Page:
Wine tasting was historically one of the more interesting and enjoyable events that was put on at Davos, but it got nixed in 2009 when conspicuous consumption of first-growth clarets was considered inappropriate in the face of the global financial crisis. The consequence was much the same as attempts to cap CEO salaries: just as the executives end up making much more money through stock options, the wine tasters, freed from whatever decorum was imposed upon them by the official constraints of the World Economic Forum, showed just how out-of-control wine events can really be.

The plutocrats at Davos, of course, both western and eastern, are exactly the kind of people who spend thousands of dollars a bottle on fine wines. But they're also driven and single-minded executives who naturally gravitate to the obvious and middlebrow in other areas: if they're buying art, they'll plump for something shiny by Damien Murakoons (both Hirst and Koons are in Davos this week), while the big-name creative types here are the likes of Jose Carreras, Peter Gabriel, and Paulo Coelho.

Davos and the never-ending Doha round

This year’s World Economic Forum offers not one but two meetings of trade ministers on the never-ending Doha round. Besides the traditional Saturday lunch hosted by Switzerland on Saturday, this year featuring 26 ministers plus WTO chief Pascal Lamy, the EU is holding a dinner on Friday for the G7 – that’s the trade G7: Australia, Brazil, China, EU, India, Japan and USA.

The meetings may attract some interest as this year is seeing a renewed push to conclude the Doha round, now in its 10th year, after leaders of the G20 (that’s the financial G20 not the trade G20) said 2011 was a window of opportunity.

For those who think this might join a long list of missed deadlines, I offer this story from Jean-Pierre Lehmanne, founder of

from Felix Salmon:

Nick Clegg’s inaccessible press event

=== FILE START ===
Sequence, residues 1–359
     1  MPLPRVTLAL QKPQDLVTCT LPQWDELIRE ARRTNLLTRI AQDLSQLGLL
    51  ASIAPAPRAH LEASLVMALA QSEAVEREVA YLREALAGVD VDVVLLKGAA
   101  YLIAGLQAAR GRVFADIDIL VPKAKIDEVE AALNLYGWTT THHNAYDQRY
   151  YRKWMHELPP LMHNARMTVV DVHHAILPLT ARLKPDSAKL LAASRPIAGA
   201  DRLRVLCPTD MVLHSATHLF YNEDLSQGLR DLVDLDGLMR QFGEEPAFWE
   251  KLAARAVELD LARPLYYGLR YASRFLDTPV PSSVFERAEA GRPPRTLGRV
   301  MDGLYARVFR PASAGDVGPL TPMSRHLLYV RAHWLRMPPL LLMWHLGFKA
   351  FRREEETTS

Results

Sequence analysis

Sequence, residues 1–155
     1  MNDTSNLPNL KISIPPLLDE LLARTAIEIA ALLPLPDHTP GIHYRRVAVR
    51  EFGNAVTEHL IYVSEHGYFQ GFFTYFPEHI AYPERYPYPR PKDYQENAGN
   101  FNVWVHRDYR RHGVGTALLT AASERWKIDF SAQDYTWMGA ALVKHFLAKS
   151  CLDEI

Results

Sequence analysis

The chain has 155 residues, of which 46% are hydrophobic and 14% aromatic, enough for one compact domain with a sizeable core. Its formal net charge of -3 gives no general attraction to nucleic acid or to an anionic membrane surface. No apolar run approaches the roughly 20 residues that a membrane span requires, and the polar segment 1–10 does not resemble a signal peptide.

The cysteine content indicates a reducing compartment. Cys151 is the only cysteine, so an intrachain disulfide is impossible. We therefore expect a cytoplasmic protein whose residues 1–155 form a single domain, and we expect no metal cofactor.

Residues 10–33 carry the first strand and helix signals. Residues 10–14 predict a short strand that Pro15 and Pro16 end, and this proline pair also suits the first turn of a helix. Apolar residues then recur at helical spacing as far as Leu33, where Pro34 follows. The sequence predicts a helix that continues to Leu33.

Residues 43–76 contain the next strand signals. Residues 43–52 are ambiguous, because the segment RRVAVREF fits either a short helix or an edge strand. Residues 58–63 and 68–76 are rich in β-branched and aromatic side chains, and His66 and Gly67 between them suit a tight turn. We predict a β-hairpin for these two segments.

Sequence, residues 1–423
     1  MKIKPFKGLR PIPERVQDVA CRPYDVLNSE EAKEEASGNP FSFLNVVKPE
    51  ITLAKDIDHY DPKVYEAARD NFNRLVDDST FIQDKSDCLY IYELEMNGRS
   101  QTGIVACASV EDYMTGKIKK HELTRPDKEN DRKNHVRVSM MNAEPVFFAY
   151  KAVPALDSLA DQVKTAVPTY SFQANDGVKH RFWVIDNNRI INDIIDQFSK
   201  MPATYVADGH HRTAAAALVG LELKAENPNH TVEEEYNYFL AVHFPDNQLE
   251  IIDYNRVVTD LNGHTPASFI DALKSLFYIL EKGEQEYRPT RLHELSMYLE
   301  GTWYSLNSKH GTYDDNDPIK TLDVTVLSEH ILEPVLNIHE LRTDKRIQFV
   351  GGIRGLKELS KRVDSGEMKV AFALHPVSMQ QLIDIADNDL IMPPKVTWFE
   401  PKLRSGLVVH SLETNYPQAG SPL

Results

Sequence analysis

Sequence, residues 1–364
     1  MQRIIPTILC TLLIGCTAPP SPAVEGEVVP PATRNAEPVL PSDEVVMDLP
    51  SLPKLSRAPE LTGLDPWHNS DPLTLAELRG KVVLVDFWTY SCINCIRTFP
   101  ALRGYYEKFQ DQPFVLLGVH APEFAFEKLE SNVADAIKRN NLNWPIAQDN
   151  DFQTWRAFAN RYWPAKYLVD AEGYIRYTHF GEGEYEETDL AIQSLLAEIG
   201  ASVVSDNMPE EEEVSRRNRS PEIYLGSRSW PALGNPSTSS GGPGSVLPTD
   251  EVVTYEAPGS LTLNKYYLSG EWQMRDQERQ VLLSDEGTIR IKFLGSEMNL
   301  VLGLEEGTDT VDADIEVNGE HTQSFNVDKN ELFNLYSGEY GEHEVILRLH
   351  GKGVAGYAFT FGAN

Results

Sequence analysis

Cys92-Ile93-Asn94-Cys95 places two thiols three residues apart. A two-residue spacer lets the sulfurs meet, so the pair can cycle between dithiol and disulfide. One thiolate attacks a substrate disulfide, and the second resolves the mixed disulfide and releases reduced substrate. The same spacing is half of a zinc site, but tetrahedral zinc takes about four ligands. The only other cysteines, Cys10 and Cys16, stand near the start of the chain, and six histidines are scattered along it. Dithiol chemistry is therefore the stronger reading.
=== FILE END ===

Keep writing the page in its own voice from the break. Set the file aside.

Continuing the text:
One of the big changes to the ecology of the Davos conference center this year, after its $37 million revamp, is that there's now a whole level at the top which is off-limits to the working press and accessible only to fully-fledged delegates with coveted white cards. There are a couple of conference rooms up there -- called Aspen 1 and Aspen 2 -- which is normally no big deal, given that the working press isn't allowed in to conference sessions anyway.

One thing which hasn't changed, however, is the way in which everybody bumps into everybody else in the conference center. Which is fine, just so long as you're not deliberately keeping a very low profile and trying to avoid the press. Like Nick Clegg, for instance, with his 7% approval rating.

And so today we have a rather hilarious double oxymoron. Nick Clegg is having a press event, where he'll be talking to Arthur Sulzberger; the email invite says that "sign-up is required as there are a limited number of seats available." That makes sense, given how everybody's wanting to talk to him right now. But then we're told that "the session is off-the-record," which is always disappointing, for a press event. And then we learn that it's in Aspen 1 -- it's been deliberately put in one of the two rooms which the working press can't get close to.

Emerging healthcare opportunities

By Joe Jimenez, CEO of Novartis. The opinions expressed are his own.

As the global economy begins to see signs of recovery, with momentum from emerging markets like China, Russia, India and Brazil driving recent economic gains, there is a lot of buzz about how companies can best capitalize on the new growth opportunities these markets can offer.

In fact, many of the sessions here at the World Economic Forum in Davos are focusing on ways to encourage innovation, enhance trade and drive growth in emerging markets. This year, it is extremely important that we discuss health care and economic imperatives at Davos.

Governments in emerging markets are increasing their commitment to expanding access to healthcare, but this is putting significant pressure on healthcare budgets. So we need to find ways to work together with government officials and key stakeholders in these markets to jointly address the evolving healthcare needs.

Can Europe rise to the China challenge?

– Dirk Jan van den Berg is President of Delft University of Technology, former chairman of the IDEA League of European Universities, and former Dutch ambassador to China and the UN. –

USA-CHINA/This year’s World Economic Forum comes at a moment in which a profound shift in global power from West to East is becoming unmistakable. In recent weeks, for instance, during Hu Jintao’s state visit to the U.S., China was unambiguously portrayed by the Obama administration as an equal, indispensable global partner with the United States.

One of the key achievements of the state visit was the historic extension to the US-China Agreement on Cooperation in Science and Technology, first signed by the two countries after relations were normalised in 1979. The agreement, which includes over 30 active protocols covering cooperation in areas ranging from agricultural science, renewable energy, and biomedical research, will thus continue to serve as a key framework driving bilateral economic growth well into the twenty first century.